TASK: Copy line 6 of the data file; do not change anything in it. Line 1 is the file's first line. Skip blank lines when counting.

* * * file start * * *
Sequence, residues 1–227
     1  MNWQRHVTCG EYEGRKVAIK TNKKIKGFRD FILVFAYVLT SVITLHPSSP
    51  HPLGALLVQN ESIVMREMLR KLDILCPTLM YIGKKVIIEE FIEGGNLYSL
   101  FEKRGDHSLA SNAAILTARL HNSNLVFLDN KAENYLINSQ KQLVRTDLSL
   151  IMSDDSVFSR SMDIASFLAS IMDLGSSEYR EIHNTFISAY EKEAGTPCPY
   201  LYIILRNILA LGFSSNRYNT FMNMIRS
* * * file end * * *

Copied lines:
   201  LYIILRNILA LGFSSNRYNT FMNMIRS